Can I appeal against a benefit decision?
You can appeal a decision about your entitlement to benefits, for example Personal Independence Payment (PIP), Employment and Support Allowance (ESA) and Universal Credit.
For more information on how to appeal please visit www.gov.uk
Benefit decisions you can appeal:
- 30 hours free childcare scheme
- Attendance Allowance
- Bereavement Support Payment
- Budgeting Loans
- Carer’s Allowance
- Child Benefit
- Cold Weather Payment
- Compensation Recovery Unit
- Contracted Out Employment Group
- Disability Living Allowance (DLA)
- Disability Working Allowance
- Employment and Support Allowance (ESA)
- Health in Pregnancy Grant
- Home Responsibilities Protection
- Housing Benefit
- Incapacity Benefit
- Income Support
- Industrial Death Benefit
- Industrial Injuries Disablement Benefit
- Jobseeker’s Allowance
- Maternity Allowance
- Pension Credit
- Personal Independence Payment (PIP)
- Retirement Pension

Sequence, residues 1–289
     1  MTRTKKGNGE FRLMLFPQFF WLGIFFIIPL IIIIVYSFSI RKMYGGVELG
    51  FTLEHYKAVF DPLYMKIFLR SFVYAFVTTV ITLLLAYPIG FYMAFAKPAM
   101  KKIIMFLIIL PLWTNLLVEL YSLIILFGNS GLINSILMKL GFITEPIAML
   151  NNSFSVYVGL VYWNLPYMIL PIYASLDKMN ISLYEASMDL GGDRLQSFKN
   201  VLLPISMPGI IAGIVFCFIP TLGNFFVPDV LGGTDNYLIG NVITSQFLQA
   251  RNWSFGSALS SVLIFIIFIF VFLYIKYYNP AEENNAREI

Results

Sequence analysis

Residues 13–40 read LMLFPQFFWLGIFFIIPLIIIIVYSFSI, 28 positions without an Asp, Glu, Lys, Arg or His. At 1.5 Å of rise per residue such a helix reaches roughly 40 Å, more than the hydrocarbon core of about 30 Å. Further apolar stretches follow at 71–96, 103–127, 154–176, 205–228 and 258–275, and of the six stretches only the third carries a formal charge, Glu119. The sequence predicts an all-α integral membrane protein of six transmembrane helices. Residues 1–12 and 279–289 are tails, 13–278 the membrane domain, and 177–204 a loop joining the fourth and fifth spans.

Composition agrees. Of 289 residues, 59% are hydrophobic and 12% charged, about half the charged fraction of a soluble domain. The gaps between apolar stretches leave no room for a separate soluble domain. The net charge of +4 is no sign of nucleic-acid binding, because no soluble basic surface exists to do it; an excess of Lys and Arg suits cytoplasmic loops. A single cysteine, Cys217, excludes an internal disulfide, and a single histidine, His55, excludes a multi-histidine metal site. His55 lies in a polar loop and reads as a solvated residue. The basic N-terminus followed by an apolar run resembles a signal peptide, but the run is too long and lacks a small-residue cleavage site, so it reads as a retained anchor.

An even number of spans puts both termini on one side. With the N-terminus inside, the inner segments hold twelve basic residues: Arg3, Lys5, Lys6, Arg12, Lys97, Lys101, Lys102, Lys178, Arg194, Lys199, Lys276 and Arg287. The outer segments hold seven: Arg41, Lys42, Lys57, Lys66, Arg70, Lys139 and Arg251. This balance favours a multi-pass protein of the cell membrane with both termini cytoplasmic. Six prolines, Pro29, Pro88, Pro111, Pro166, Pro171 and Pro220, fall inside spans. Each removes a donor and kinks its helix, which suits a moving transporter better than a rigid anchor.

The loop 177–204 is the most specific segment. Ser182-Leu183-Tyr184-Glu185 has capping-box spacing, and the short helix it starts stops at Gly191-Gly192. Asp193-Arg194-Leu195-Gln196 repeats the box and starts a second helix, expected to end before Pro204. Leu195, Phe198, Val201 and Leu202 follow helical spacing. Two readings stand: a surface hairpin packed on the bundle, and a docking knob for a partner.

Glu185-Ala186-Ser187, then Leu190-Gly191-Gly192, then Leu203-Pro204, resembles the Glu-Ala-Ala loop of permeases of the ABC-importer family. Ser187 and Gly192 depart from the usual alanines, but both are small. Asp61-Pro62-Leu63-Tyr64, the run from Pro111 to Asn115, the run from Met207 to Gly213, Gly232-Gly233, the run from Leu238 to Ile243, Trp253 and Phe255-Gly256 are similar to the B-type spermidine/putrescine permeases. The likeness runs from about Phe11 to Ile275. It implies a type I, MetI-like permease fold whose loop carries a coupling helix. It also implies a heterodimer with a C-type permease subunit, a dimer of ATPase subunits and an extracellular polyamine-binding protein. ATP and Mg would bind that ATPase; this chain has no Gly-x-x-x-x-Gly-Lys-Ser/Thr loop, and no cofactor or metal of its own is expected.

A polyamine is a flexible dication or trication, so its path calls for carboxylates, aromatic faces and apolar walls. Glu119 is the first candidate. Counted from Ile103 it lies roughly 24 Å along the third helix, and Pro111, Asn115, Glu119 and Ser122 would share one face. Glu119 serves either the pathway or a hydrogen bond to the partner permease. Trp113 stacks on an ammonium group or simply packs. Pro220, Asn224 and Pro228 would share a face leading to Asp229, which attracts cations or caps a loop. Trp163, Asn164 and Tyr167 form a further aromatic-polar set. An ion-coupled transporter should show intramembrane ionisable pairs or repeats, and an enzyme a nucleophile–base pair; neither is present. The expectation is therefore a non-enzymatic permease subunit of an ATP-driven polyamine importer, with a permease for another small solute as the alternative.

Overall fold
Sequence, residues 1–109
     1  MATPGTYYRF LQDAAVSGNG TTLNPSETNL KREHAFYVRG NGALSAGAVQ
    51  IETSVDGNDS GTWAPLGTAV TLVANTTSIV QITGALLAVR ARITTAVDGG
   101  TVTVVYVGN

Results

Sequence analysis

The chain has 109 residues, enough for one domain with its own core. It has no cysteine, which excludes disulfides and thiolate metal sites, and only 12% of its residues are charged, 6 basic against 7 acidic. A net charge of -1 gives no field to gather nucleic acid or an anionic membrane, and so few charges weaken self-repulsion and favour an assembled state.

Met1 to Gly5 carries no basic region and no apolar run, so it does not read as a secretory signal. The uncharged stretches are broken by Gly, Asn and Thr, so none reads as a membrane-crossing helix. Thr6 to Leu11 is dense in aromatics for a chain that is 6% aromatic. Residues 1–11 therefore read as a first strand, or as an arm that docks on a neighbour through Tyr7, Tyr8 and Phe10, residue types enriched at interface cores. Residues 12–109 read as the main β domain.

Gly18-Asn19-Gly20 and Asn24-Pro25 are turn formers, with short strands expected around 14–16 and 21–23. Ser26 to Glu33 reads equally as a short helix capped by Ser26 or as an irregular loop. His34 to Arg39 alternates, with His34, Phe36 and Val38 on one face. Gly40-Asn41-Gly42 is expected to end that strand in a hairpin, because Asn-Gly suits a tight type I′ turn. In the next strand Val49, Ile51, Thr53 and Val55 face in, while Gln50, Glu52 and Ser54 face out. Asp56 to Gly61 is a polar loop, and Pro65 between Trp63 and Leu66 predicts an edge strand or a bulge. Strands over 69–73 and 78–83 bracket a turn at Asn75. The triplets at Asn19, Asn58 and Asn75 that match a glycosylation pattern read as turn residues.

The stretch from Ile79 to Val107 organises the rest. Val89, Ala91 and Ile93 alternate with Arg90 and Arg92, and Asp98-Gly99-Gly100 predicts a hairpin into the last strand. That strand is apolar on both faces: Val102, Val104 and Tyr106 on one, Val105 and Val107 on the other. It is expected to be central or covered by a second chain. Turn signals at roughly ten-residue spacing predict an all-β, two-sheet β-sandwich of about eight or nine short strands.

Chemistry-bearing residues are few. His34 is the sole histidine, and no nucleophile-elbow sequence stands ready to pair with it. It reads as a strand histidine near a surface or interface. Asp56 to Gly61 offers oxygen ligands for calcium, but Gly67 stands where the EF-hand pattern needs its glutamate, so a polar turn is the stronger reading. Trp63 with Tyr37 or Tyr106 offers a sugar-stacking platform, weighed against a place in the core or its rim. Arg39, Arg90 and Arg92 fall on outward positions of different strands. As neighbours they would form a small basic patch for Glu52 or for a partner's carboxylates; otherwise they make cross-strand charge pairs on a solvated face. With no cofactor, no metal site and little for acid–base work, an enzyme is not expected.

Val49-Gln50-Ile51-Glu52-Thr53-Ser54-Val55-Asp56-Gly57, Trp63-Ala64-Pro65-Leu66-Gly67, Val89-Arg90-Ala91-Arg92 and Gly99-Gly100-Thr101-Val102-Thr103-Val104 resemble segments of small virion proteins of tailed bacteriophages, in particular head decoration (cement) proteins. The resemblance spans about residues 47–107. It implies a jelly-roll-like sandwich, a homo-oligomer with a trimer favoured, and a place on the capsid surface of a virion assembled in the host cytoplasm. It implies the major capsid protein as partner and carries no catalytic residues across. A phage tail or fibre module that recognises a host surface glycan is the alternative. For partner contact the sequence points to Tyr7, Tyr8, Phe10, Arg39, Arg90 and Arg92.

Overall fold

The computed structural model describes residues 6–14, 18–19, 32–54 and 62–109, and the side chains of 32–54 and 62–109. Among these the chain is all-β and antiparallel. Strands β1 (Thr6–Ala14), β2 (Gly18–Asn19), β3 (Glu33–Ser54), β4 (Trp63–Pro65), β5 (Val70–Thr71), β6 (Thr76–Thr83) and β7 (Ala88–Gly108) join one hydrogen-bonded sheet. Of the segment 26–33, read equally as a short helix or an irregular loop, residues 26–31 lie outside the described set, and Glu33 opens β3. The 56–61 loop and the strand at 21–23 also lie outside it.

- Severe Disablement Allowance
- Sure Start Maternity Grant
- Tax credits
- Tax-Free Childcare
- Universal Credit
- Widowed Parent’s Allowance
- Winter Fuel Payment
How do I appeal?
Before you have a right to appeal to a tribunal you must usually ask for the decision to be looked at again. DWP call this a mandatory reconsideration. The decision letter tells you if you must ask for a reconsideration before you can appeal. You usually have to ask for a mandatory reconsideration within a month of the decision.
When the DWP sends you the outcome of their reconsideration, they’ll include 2 copies of a mandatory reconsideration notice. If the decision’s about Universal Credit, they’ll send the notice to your online account and you’ll need to print it out. You will need to send a copy of your notice to HM Courts and Tribunal Service (HMCTS) with your appeal form.
Appeal to the tribunal within one month of getting your mandatory reconsideration decision. If you start your appeal after a month you’ll have to explain why you did not do it earlier. Your appeal might not be accepted.
Where can I get advice on making an appeal?
It may be better to get help from a trained representative through your local Citizens Advice Bureau.